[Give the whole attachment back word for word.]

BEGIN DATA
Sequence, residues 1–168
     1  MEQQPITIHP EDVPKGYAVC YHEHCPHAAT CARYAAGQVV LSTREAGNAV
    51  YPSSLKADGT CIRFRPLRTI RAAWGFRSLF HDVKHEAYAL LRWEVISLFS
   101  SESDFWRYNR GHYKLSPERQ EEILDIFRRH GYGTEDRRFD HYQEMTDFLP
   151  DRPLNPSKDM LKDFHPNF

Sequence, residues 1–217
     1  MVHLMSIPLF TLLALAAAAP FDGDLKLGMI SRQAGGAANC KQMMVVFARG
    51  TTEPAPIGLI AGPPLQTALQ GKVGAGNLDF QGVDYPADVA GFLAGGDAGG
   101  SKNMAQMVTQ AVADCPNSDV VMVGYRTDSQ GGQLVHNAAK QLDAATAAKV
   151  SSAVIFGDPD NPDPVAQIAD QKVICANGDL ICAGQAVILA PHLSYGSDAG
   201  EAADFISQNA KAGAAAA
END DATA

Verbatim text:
Sequence, residues 1–168
     1  MEQQPITIHP EDVPKGYAVC YHEHCPHAAT CARYAAGQVV LSTREAGNAV
    51  YPSSLKADGT CIRFRPLRTI RAAWGFRSLF HDVKHEAYAL LRWEVISLFS
   101  SESDFWRYNR GHYKLSPERQ EEILDIFRRH GYGTEDRRFD HYQEMTDFLP
   151  DRPLNPSKDM LKDFHPNF

Sequence, residues 1–217
     1  MVHLMSIPLF TLLALAAAAP FDGDLKLGMI SRQAGGAANC KQMMVVFARG
    51  TTEPAPIGLI AGPPLQTALQ GKVGAGNLDF QGVDYPADVA GFLAGGDAGG
   101  SKNMAQMVTQ AVADCPNSDV VMVGYRTDSQ GGQLVHNAAK QLDAATAAKV
   151  SSAVIFGDPD NPDPVAQIAD QKVICANGDL ICAGQAVILA PHLSYGSDAG
   201  EAADFISQNA KAGAAAA